We find that these facts amply support the decision of the trial judge to submit this question to the jury. Silbaugh's speed would not, by itself, support the verdict in this case. However, a jury might properly have found that Silbaugh did not give adequate warning to the driver of other cars (specifically, to Harkey) of the fact that he was in pursuit of a speed violator. Moreover, Silbaugh did not offer any explanation of circumstances which might have necessitated his decision not to use his siren. The jury was properly permitted to find that this decision created an unreasonable risk that bodily harm would thereby result to another person, and that it was highly probable that such harm would ensue. In fact, the very reason why police cars are provided with sirens is to avoid the possibility that there might be an accident such as the one which occurred in this case.
The third and final question raised by Silbaugh is whether the damages awarded, $20,000, were excessive.*fn4
[ 436 Pa. Page 346]
It is well settled that this Court will not interfere with the trial court's exercise of discretion in considering the amount of damages awarded, unless there is a clear abuse of discretion. Guzman v. Bloom, 413 Pa. 576, 198 A.2d 499 (1964); Skoda v. West Penn Power Co., 411 Pa. 323, 191 A.2d 822 (1963); James v. Ferguson, 401 Pa. 92, 162 A.2d 690 (1960); Schultz v. Pivar, 370 Pa. 271, 88 A.2d 74 (1952); Ensor v. Pennsylvania R. R., 306 Pa. 451, 159 A. 872 (1932).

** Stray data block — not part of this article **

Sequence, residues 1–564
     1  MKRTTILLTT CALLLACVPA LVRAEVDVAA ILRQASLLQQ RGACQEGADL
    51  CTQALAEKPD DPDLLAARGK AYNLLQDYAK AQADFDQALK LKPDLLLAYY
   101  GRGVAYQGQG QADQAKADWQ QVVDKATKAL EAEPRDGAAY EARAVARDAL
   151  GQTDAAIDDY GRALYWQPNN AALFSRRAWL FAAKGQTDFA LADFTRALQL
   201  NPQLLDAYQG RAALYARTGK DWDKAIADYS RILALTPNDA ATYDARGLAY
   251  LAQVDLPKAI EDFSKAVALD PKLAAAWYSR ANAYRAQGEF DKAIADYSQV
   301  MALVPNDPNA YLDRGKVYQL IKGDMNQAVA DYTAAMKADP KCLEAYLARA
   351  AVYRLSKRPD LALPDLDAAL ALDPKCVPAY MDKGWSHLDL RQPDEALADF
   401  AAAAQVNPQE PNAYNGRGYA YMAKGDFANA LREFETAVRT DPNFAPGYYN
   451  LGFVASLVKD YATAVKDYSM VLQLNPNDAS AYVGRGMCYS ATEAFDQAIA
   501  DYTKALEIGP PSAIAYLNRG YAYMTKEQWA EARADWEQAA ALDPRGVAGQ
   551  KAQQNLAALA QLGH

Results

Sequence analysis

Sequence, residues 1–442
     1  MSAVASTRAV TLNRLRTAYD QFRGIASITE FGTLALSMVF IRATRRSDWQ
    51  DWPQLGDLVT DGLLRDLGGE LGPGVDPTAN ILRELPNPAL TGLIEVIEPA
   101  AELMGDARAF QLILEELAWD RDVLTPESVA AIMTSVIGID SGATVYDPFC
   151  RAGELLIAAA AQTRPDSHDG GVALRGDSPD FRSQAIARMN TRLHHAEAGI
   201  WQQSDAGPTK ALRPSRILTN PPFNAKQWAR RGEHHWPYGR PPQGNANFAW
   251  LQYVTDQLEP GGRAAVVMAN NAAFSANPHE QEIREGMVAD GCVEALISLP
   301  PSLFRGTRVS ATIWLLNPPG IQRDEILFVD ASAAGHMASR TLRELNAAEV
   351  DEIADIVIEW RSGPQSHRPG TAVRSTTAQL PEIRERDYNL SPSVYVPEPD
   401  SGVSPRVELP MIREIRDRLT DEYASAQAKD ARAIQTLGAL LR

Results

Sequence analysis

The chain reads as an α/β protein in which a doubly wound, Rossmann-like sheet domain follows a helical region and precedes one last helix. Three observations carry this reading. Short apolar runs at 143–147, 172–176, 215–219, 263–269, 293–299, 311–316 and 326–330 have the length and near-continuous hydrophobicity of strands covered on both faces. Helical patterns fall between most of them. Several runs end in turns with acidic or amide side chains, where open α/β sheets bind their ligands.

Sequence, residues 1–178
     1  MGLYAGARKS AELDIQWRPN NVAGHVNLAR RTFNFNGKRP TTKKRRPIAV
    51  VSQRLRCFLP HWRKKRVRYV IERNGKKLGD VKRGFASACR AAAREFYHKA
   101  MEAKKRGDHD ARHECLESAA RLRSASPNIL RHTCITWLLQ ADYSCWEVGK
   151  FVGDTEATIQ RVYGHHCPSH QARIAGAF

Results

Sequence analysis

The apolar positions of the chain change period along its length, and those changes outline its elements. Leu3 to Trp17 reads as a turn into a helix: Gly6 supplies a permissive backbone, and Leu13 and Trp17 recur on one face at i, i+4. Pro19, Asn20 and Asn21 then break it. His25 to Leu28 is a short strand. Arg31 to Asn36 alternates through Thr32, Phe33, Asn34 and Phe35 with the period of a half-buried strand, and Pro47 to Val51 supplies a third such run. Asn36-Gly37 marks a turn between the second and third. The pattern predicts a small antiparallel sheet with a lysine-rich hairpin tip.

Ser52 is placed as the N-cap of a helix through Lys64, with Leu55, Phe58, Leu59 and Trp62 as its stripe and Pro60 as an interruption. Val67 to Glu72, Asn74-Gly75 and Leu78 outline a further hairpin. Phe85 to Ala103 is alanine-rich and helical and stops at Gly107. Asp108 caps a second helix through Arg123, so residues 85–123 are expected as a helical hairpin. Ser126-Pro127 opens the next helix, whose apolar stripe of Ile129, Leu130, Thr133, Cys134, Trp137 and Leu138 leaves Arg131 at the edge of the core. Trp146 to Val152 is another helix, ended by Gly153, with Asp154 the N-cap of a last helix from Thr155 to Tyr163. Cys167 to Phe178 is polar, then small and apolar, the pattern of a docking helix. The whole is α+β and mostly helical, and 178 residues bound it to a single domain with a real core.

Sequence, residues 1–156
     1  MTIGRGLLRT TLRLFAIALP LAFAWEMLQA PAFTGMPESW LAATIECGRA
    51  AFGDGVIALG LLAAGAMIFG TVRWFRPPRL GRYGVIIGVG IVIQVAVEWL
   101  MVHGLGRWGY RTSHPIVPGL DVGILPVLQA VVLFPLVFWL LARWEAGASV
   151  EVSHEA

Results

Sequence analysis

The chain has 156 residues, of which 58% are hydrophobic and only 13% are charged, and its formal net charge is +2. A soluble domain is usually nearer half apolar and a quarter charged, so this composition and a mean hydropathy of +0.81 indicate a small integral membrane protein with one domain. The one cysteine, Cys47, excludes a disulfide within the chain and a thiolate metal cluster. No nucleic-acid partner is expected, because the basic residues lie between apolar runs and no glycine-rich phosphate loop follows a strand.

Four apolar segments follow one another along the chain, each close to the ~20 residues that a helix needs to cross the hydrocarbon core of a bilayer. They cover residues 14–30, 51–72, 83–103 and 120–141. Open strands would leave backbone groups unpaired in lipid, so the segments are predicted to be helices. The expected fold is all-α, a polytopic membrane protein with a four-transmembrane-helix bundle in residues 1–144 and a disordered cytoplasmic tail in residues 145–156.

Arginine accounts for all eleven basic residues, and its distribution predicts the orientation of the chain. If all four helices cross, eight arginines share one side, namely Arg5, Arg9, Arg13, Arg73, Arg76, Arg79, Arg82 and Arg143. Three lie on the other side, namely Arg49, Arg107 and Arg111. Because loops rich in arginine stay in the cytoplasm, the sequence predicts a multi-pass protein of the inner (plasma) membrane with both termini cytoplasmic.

Our examination of the record reveals no clear abuse of discretion on the part of the lower court. The jury might properly have found that Mr. Herron suffered the following injuries as the result of the accident: his left arm was extensively lacerated; a bag of fluid developed in his left elbow, causing him severe pain; his face was swollen and discolored; he suffered a cerebral concussion; he had to undergo two operations for the removal of glass particles; and he had become very nervous and apprehensive about his condition. The evidence supports an award of $2,929.43 for out-of-pocket expenses (medical bills and lost wages). Thus, $17,070.57 of the award must be allocated as compensation for Mr. Herron's pain and suffering with respect to the above injuries. We do not find this award to be so excessive as to compel a further reduction.